Saturday, January 31, 2015

JSF Tidbit From The Past

Remember the good old days when the JSF was the low cost alternative to the expensive F-22?  Well, ComNavOps was reminiscing over a pile of old Proceedings magazines and had his attention drawn to this statement from a 1997 article (1).

"The Joint Strike Fighter, conceived from the ground up as a multirole stealth jet, is just down the road.  Most estimates peg it at half or less the per-copy cost of the F-22."

The reference citation associated with that statement puts the JSF cost at $67M which is $98M in FY14 dollars. 

I wonder if the article’s author would have written his piece differently if he had known that the JSF would cost twice what he cited? 

Just an amusing bit of historical perspective.

(1) US Naval Institute Proceedings, “Catch F-22”, Cmdr. Jeff Huber, USN, Sep 1997, p.38


  1. whats the estimate cost for a new F22 assuming the production lines are opened again , let's say for 1000 unit production run ? will it be cheaper or more expensive than the current per unit cost of F35 as of today ?

    assuming there's a full scale war against a peer nation tomorrow, how soon can a production line started to replace the lost F22 in battle attrition ? or is the existing inventory of F22 the only ones existed and no replacement possible ?

    1. First do you want to to just build more F-22A's or do you want an upgraded version?
      Do you want a version for the Navy as well?
      Do you want land attack?

      It would take years just to put the production line back together, if you want a naval fighter with land attack capability, you need to redesign most of it, so add a few more years of design work as well..

      The reality is a production line for something as complex as a plane is not a tap you can just turn off and on when you like, once you close it, it is gone and gone for good!

      If you do not like the F-35 your options are:

      1. buy more 4th gen jets and hope those Chinese jets do not get better, or
      2. Start a new program and wait twenty years for your new aircraft to arrive.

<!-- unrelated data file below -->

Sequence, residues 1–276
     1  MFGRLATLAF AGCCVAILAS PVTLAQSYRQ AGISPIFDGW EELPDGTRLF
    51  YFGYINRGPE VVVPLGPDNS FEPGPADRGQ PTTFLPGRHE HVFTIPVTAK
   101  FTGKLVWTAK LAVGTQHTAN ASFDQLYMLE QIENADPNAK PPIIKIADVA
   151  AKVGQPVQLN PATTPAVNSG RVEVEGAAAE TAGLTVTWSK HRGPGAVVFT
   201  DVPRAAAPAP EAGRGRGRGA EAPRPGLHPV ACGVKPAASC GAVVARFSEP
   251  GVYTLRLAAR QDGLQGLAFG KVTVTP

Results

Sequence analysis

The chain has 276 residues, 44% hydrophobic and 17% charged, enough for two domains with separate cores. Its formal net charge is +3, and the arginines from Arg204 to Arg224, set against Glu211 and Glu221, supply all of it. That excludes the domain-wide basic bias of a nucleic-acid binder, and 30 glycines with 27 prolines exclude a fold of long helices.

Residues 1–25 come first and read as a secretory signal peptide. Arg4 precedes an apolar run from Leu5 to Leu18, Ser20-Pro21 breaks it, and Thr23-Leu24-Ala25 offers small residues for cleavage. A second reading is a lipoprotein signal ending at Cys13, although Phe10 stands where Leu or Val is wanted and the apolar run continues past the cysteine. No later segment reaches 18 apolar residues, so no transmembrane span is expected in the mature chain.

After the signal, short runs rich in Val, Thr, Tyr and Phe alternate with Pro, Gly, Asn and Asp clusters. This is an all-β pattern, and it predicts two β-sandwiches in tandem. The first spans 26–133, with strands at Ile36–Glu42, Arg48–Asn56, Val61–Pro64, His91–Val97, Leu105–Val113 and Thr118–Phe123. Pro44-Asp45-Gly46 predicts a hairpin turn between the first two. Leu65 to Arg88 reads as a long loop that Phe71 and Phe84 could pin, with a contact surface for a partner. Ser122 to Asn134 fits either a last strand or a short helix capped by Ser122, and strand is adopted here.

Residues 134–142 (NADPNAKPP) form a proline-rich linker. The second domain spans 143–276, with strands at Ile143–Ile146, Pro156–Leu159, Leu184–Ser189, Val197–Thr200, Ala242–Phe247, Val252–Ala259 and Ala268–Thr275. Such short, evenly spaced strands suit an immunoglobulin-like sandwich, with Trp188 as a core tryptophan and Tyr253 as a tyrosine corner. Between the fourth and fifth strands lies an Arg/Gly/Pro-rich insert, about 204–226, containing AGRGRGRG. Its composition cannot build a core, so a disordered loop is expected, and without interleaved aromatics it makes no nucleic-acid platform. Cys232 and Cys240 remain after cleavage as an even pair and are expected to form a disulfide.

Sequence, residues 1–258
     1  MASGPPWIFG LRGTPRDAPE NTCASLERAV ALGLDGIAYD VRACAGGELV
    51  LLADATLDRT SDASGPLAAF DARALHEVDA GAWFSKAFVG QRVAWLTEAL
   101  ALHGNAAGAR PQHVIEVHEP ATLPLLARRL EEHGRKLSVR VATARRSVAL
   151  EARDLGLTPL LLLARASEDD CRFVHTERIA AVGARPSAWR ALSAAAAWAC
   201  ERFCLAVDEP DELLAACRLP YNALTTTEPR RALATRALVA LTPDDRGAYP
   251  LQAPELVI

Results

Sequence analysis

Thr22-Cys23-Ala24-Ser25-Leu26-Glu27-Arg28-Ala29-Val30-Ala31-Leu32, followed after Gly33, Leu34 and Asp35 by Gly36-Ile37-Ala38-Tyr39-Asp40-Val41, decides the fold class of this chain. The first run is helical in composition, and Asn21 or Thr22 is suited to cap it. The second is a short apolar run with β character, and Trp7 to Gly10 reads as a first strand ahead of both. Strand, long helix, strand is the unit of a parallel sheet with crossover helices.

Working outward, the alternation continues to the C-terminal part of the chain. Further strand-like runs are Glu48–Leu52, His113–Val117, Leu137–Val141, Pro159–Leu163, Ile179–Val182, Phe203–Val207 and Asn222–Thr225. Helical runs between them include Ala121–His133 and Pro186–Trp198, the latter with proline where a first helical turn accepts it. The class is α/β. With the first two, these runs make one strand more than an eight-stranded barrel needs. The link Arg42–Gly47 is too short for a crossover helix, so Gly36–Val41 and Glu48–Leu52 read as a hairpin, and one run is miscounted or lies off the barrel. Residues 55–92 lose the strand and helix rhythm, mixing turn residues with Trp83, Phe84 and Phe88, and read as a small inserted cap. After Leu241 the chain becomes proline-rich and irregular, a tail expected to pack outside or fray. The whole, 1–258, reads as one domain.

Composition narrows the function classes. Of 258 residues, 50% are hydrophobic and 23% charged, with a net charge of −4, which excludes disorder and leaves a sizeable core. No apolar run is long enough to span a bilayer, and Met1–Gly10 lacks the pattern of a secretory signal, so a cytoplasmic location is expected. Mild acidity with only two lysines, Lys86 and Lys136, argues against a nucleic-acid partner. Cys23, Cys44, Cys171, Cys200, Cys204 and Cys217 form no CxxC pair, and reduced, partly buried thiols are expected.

Before you think you can do both, you only have so much money in your budget, so unfortunately you can only pick one option, buy more more hornets, and you will never ever get your next generation jet.


    2. Mark, there is another, common sense approach to aircraft development.

      We've come to believe that we can't procure existing aircraft and develop a new one simultaneously because we've developed the [very bad] practice of concurrency which is attempting to develop an aircraft while we produce it and that is just far too expensive.

      The common sense approach is to procure proven aircraft while we conduct RESEARCH programs to develop a new aircraft. Once the new aircraft is ready and proven, then we can shift to procurement of the new aircraft. Further, there is nothing wrong with having multiple aircraft R&D programs going simultaneously. If limited to a couple of prototypes each, they won't be that expensive and that offers the possibility to abandon a failing effort for a successful one. We run into problems when we put all our eggs into one basket, as we have for the F-35. And, if we scale back our fantasy technology wishlists just a bit, they should be achievable in a reasonable time frame.

      Buying existing aircraft does not mean that we are stuck with the capabilities they had when they entered service. We can incorporate new technologies into existing aircraft as they become available. Consider the Hornet. While there is nothing we can do to make it as stealthy as a new design stealth aircraft, we can certainly improve its stealth, upgrade its sensors, add new comm links, add a new engine, and expand its weapon carry options.

      There is nothing wrong with pursuing R&D for exotic technologies but it has to be done with some semblance of reality. Want to pursue 360 degree sensor fusion displayed on a magic helmet? Fine, but insist on actual accomplishments in a reasonable time frame. If the developing company can't achieve that, then scale the effort back to a back burner until the supporting technologies mature enough to make it a more reasonable proposition.

      Had the F-35 been handled in this manner, we might have had a moderately priced, reasonably stealthy aircraft in service a decade ago. Or, we might have realized that the 360 degree, sensor fuzed, magic helmet was unachievable and we would have scaled the design back to something more realistic long ago.

      We've developed some very bad aircraft procurement practices and they're killing us. Recall WWII - several aircraft companies had mutiple designs going at the same time. Some made it to production and some didn't. The brunt of the design, development, and prototyping was borne by the companies, not by the government. If we did that today, we might find that industry would be more realistic in what they claimed to be able to develop. As it stands now, why shouldn't industry claim they can develop invisibility and anti-gravity? The government will fund them endlessly under the too-big-to-fail theory so the incentive is to keep going rather than apply reality and scale back.

    3. Excellent point: Concurrency is killing the armed forces in procurement...hence an equal number blogs out there criticizing both the F-35 and the LCS, both babies of the concurrency nonsense.
      I would also suggest that part of the problem is the belief in single platforms from a single source.